Academic journal article Harvard Law Review

Civil Procedure - Personal Jurisdiction - Fifth Circuit Reaffirms That a Defendant's Knowledge of Likely Harm to a Plaintiff in the Forum State Is Insufficient to Create Jurisdiction under Calder V. Jones: Clemens V. McNamee

Academic journal article Harvard Law Review

Civil Procedure - Personal Jurisdiction - Fifth Circuit Reaffirms That a Defendant's Knowledge of Likely Harm to a Plaintiff in the Forum State Is Insufficient to Create Jurisdiction under Calder V. Jones: Clemens V. McNamee

Article excerpt

In its landmark decision Calder v. Jones, (1) the Supreme Court established that the effects of an intentional act committed out of state, but aimed at the forum state and felt by the plaintiff there, create sufficient minimum contacts to establish personal jurisdiction. (2) The Court's requirement that the action be "expressly aimed" (3) at the forum has engendered confusion and division among lower courts. (4) Recently, in Clemens v. McNamee, (5) the Fifth Circuit refused to deviate from its prior holding that knowledge of likely injury to a plaintiff in the forum state is not alone sufficient to meet the express aim requirement in the defamation context. Instead, a plaintiff must show that the subject matter of the defendant's statements and that the sources the defendant relied upon are in the forum state. Clemens demonstrates the contrast between the Fifth Circuit's formulaic rule and the Supreme Court's flexible approach to personal jurisdiction, adopted to ensure fairness to both plaintiffs and defendants. It also reveals the primary problem with the Fifth Circuit's approach: it prevents the exercise of jurisdiction even when a defendant knows where the harm of his statements will be felt and thus could anticipate suit there.

Brian McNamee and Roger Clemens developed a professional relationship beginning in the 1990s in which McNamee trained Clemens for various periods until 2007. (6) During this time, Clemens played baseball for the Toronto Blue Jays, New York Yankees, and Houston Astros. (7) In the summer of 2007, federal authorities contacted McNamee and asked to meet with him in New York. (8) At the meeting, authorities told McNamee that they had sufficient evidence to convict him for delivering illegal performance-enhancing drugs to athletes, but promised to provide immunity for any statement he would give in relation to the government's investigation of the Bay Area Laboratory Cooperative (BALCO), a San Francisco-area lab suspected of involvement in the development and sale of such drugs. (9) McNamee told authorities that he had injected Clemens, in New York and Toronto, with performance-enhancing drugs in 1998, 2000, and 2001. (10) At the investigators' request, McNamee repeated these claims at another New York meeting to former Senator George Mitchell, who was leading an investigation for Major League Baseball into performance-enhancing drug use. (11) On December 13, 2007, the Mitchell Commission released its report, which contained McNamee's statements. (12) The statements were reported extensively in Texas, and also nationally. (13) On January 6, 2008, McNamee repeated his statements at his home in New York to SI.com, which published them. (14)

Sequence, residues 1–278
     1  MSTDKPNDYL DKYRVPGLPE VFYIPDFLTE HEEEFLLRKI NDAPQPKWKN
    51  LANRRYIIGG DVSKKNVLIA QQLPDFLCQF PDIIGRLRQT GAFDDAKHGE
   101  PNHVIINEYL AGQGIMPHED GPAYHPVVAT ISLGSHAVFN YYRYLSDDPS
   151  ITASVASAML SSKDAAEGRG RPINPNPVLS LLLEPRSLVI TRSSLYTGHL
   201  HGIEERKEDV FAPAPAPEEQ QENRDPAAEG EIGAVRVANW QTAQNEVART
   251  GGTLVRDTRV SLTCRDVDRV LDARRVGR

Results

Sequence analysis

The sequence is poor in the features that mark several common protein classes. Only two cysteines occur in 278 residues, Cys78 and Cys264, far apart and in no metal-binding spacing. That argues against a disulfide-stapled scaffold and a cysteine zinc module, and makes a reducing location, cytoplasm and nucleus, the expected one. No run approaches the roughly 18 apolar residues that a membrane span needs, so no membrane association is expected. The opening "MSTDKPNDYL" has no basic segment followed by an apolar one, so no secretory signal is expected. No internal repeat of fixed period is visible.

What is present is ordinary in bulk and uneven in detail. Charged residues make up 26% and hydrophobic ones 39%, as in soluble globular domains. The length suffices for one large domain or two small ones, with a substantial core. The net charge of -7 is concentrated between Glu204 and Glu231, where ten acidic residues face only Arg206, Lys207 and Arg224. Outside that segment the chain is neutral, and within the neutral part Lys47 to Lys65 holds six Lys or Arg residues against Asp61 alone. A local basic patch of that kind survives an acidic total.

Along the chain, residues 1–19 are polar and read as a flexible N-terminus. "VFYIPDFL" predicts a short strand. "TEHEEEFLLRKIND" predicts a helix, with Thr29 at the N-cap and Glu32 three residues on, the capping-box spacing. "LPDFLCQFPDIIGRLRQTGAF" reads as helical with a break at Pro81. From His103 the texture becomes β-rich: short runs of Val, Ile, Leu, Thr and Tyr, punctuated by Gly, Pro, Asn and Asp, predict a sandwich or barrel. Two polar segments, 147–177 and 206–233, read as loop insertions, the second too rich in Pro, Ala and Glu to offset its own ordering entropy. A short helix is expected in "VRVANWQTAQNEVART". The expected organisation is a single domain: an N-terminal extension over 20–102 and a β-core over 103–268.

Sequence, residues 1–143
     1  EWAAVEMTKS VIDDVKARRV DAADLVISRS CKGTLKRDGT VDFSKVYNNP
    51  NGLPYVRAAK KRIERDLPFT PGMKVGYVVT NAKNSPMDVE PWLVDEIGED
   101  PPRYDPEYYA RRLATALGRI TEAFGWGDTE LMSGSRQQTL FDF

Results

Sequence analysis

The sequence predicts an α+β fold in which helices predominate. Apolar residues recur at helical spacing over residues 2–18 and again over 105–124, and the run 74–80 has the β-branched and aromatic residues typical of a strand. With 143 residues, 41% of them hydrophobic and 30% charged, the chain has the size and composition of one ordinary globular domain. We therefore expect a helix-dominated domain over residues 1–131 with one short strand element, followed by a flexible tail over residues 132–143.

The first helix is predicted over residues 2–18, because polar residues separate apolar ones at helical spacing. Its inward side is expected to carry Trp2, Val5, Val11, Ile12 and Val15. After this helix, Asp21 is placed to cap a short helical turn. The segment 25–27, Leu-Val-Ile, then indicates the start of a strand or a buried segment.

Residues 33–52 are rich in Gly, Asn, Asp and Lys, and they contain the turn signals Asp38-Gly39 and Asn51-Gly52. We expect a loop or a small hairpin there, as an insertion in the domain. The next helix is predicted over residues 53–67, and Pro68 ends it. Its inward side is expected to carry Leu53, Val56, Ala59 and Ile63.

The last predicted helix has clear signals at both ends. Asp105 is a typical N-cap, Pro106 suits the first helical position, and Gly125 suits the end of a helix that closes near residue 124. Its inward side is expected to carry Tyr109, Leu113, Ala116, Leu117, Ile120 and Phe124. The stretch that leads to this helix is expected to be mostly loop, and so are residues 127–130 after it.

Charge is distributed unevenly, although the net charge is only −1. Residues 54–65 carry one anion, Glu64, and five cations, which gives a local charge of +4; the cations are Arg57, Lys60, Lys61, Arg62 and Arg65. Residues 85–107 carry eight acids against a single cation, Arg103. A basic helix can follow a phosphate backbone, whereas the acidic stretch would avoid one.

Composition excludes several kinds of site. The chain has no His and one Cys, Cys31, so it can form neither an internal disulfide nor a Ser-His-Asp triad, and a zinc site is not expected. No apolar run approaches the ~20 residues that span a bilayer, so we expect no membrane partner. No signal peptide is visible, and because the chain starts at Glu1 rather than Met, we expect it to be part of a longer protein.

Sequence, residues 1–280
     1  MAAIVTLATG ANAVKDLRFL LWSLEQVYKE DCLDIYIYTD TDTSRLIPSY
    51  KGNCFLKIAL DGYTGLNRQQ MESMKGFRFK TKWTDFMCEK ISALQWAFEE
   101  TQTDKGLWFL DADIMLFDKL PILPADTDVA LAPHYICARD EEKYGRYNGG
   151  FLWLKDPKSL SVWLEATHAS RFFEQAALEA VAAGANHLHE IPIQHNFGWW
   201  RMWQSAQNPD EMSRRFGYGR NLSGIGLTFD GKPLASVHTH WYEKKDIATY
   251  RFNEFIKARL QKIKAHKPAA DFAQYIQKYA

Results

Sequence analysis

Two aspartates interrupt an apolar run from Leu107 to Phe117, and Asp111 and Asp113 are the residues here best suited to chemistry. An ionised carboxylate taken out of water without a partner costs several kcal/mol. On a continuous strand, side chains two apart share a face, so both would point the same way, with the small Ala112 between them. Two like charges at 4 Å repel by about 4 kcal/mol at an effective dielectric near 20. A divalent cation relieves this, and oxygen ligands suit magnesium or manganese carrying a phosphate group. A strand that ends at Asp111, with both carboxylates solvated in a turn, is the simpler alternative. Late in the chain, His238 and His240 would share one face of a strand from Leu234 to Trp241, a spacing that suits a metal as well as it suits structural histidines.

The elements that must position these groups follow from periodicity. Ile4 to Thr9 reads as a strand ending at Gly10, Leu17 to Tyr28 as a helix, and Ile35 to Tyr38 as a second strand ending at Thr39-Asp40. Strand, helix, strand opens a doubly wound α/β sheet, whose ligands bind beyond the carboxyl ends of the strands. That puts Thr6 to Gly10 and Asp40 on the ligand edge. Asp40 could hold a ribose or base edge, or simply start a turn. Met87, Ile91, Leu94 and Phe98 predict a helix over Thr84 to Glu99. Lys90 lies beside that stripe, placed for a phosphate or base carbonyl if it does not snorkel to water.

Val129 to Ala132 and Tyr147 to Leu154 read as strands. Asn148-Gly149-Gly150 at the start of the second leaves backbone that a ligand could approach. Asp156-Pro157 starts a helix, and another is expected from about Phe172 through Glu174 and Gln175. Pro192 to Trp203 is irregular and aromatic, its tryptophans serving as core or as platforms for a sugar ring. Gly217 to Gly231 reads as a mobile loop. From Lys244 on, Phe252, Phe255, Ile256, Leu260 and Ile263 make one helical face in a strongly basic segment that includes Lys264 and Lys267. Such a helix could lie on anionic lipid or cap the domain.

Clemens, a Texas resident since the age of fifteen who returned to Texas every off-season during his playing career, (15) sued McNamee in Texas state court. (16) McNamee removed the case to federal court and sought to dismiss the case, arguing, inter alia, that Texas courts lacked personal jurisdiction over him because the allegedly defamatory statements were made in New York. (17) The district court dismissed for lack of personal jurisdiction, (18) explaining that, because Texas's long-arm statute permits the exercise of personal jurisdiction to the extent permitted by the Fourteenth Amendment, the Calder test should be applied. (19) The court found that McNamee knew that the brunt of the statements' harm to Clemens would be felt in Texas. (20) However, it determined that it lacked jurisdiction because Texas was not the focal point of McNamee's statements. (21) The court stated that the sources used and the content of a defamatory statement must have a connection with a forum state to create jurisdiction. (22)

The Fifth Circuit affirmed. (23) Writing for the panel, Judge Davis (24) adopted an approach similar to that of the district court. As the panel observed, Clemens only argued that Texas could exercise specific jurisdiction over McNamee, which is proper only when a defendant has established minimum contacts with the forum and the exercise of jurisdiction would not be fundamentally unfair. …

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